What if user change form value in Developer Tools and submit form?

I’ve a simple form of select menu, with different options which are loaded dynamically and have different value associated with them.

<select name = 'city'>
  <option value='dynamically_loaded_value'>Belgaum</option>
  <option value='dynamically_loaded_value'>Hubli</option>
  <option value='dynamically_loaded_value'>Dharwad</option>
</select>

The dynamically_loaded_value is critical in my case because when user selects an option and submits form, based on selected option, using the selected option’s value I’m going to do some operation.

So if, user changes the dynamically_loaded_value in the Chrome Developer Tools any other, and submits form then? Of course, it’ll cause error in processing further. How can I prevent this?

I’m using PHP for server-side.

You’re going to need to validate & clean all user inputted information. It sounds like you have a collection of expected values to receive, you could perform a strict match against all entries for each match.

$userSubmittedValues = array(
    "one",
    "two",
    "three"
);

$expectedSubmittedValues = array(
   // However many values you expect in total
}

// This should end up matching count($userSubmittedValue) after loop matching below
$count = 0;

// For each submitted value by user
foreach ( $userSubmittedValues as $value ) {

   // Match with all expected values to be submitted
   foreach( $expectedSubmittedValues as $expect ) {

      // If a match is found among the array, increase match count
      if( $value === $expect ) {
         $count++;
      }
   }
}

// If match failed, end script
if( $count < 3 ) {
    die("Some values failed to match");
}

This is only an example of how you can match expected values. You still need to clean all values stripping script injection and invalid characters.

1 Like

The example from @Emgo should work and it sounds like you already have the dynamic data in an array as that is what you are building your dropdown form from.

You could also check if the data received has characters like > < | etc. as they are unlikely to appear in a city name then stop the code and throw an error.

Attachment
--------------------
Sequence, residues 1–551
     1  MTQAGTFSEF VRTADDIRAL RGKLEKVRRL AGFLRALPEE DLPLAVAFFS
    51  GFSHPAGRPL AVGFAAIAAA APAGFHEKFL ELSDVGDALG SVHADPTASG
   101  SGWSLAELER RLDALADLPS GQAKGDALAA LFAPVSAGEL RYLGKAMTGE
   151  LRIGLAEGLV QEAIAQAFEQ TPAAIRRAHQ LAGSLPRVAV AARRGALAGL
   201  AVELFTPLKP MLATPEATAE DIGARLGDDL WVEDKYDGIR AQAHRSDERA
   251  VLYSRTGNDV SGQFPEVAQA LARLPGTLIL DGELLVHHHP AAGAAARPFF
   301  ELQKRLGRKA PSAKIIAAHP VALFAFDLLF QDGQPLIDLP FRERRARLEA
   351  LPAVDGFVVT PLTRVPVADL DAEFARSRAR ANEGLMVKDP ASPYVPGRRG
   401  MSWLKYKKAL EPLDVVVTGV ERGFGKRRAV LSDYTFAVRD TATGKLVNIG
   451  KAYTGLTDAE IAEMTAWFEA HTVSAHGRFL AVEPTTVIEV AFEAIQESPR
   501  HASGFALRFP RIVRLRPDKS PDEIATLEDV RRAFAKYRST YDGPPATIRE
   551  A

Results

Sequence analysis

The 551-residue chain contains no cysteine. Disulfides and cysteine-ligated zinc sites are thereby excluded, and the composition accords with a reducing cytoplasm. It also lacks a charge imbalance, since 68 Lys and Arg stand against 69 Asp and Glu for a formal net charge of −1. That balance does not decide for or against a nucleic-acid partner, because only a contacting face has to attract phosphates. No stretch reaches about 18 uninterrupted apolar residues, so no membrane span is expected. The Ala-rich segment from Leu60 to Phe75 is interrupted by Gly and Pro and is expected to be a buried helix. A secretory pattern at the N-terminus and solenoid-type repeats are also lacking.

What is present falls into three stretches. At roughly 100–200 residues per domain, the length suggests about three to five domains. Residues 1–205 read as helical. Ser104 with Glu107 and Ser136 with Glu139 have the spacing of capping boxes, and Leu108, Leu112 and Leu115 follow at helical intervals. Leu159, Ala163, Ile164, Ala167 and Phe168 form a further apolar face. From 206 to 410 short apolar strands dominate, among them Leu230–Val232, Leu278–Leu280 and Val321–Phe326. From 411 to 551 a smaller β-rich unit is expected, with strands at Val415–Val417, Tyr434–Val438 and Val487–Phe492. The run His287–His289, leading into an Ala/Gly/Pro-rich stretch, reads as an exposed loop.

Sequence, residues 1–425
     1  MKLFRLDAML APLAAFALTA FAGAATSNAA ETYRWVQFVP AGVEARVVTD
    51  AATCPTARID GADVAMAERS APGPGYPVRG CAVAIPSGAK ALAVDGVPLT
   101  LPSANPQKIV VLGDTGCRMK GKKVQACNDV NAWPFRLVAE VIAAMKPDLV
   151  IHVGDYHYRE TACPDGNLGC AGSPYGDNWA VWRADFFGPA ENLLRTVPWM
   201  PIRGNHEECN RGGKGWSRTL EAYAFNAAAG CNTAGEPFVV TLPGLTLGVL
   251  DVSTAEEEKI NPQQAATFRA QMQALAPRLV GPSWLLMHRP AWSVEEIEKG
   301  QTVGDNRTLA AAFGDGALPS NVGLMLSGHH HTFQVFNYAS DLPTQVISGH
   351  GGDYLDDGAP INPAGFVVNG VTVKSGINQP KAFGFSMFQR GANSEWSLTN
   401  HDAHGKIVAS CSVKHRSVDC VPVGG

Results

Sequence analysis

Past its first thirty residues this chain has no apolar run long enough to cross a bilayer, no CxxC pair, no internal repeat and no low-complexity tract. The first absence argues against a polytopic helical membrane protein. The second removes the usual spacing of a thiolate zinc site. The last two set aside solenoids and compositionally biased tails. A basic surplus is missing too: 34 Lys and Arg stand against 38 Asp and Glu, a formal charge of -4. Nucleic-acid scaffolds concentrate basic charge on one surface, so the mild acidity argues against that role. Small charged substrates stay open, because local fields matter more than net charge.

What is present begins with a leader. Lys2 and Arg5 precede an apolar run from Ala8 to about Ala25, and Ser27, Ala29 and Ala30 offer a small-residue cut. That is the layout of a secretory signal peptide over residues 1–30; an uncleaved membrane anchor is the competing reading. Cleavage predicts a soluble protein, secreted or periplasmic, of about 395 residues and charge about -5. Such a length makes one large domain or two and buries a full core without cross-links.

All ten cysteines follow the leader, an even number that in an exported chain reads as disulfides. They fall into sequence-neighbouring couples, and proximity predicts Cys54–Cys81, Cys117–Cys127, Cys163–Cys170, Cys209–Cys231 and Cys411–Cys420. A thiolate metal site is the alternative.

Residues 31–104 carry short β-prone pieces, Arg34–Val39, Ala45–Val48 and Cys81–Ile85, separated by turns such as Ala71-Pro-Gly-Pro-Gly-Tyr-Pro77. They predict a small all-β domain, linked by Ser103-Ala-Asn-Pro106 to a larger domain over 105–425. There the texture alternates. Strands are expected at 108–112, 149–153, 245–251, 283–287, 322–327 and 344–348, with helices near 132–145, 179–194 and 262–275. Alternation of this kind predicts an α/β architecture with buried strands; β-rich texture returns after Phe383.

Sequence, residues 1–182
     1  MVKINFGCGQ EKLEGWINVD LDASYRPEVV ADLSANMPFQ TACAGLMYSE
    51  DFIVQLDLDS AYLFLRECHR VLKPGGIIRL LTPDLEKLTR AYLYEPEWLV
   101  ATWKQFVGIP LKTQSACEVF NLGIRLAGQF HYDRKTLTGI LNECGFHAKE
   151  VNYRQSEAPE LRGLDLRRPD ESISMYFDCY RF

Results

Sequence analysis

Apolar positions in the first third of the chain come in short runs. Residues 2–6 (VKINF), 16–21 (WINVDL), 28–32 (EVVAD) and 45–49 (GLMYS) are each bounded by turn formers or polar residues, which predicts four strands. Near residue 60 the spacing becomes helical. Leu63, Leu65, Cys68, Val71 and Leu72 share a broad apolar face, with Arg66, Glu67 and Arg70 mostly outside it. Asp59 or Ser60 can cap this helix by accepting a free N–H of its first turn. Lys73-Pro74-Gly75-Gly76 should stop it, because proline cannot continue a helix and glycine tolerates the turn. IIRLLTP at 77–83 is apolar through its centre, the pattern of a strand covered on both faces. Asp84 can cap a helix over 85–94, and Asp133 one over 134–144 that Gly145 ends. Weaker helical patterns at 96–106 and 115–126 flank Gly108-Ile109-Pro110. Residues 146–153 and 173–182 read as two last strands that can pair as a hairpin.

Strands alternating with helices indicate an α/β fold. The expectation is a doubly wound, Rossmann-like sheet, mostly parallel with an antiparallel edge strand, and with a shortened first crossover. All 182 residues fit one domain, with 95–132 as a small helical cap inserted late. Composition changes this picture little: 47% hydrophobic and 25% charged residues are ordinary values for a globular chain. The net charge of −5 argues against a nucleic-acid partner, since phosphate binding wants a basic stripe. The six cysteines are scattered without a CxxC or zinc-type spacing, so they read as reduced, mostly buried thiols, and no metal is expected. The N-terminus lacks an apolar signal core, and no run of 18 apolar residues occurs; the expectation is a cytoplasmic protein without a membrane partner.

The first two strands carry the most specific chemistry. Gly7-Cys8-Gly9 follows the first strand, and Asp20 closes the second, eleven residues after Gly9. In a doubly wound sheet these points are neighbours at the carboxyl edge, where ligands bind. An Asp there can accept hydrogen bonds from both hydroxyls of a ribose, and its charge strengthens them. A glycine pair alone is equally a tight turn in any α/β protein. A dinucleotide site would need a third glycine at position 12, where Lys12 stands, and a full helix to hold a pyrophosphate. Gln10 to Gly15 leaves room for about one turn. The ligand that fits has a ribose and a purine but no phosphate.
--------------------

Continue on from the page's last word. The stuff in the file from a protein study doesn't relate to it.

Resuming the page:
You can also check where the form was submitted from ( will need to search the web as I can not remember how it works ) but I do not know how good this is but every little bit of security helps.

1 Like

An what if the user changes, form type = 'POST' to type = 'GET' and submit form? Should I check for both GET and POST methods in PHP to access values?

If you have an array of valid vaules, you can use in_array() like I show in this post.

1 Like

Nope. That way lies madness. It is trivial for an end user to send whatever they want back to the server. Trying to anticipate all the different ways they might try to mess with your site is really an exercise in futility.

Instead, pick one legitimate way to access a resource and then lock it down. So if POST is your method of choice then ignore GET requests and perhaps log a message indicating someone is trying to hack you.

And just to repeat what has already been said about your original post concerning valid cities, always check the posted city against your list of valid cities and ignore if an invalid one comes along.

5 Likes

I’ve noticed that some people have browsers set to restore their browsing session on next start and if there was a page loaded with POST then the browser will try to load it with GET - I see it sometimes in the logs of my web applications. Of course, this is not a hacking attempt but a weird (I think erroneous) behaviour of browsers. So in cases of GET requests to URLs that should be POSTed it’s good to display some error page with a link to go to the home page or perhaps immediately redirect the user to some other (GET) page that will be closest in terms of topic and content to the POST page that couldn’t have been loaded because it was accessed with GET.

One way is to validate user input in PHP like the other posters have already said. But often I use a different method - I let the database check the values. Usually, values from forms are put into database tables and databases have an ability to restrict what can be entered into a field - via foreign keys or check constraints. So I don’t check if the value is correct in PHP, I just send it to the database and if the database responds with an error then a generic error page is displayed to the user - something that is set up for the whole site so I don’t have to deal with it. I just insert the data to the database and don’t care about checking the values in PHP.

When using this method there are some things to pay attention to:

  1. The values sent to the database should be properly escaped or sent via prepared statements - just like anything other kind of data that is sent to the database. But that is a different topic.
  2. When you are saving data to more than one database table it is necessary to use a transaction around all the inserts so that if a user sends a disallowed value and one of the inserts fails - you don’t end up with a partially done task - then the whole operation rolls back and no data end up in the database.
  3. Obviously, when any of the inserts fails the whole application should abort and end up with an error. Overall, I think it’s good practice to abort any time when any of the database queries fail.

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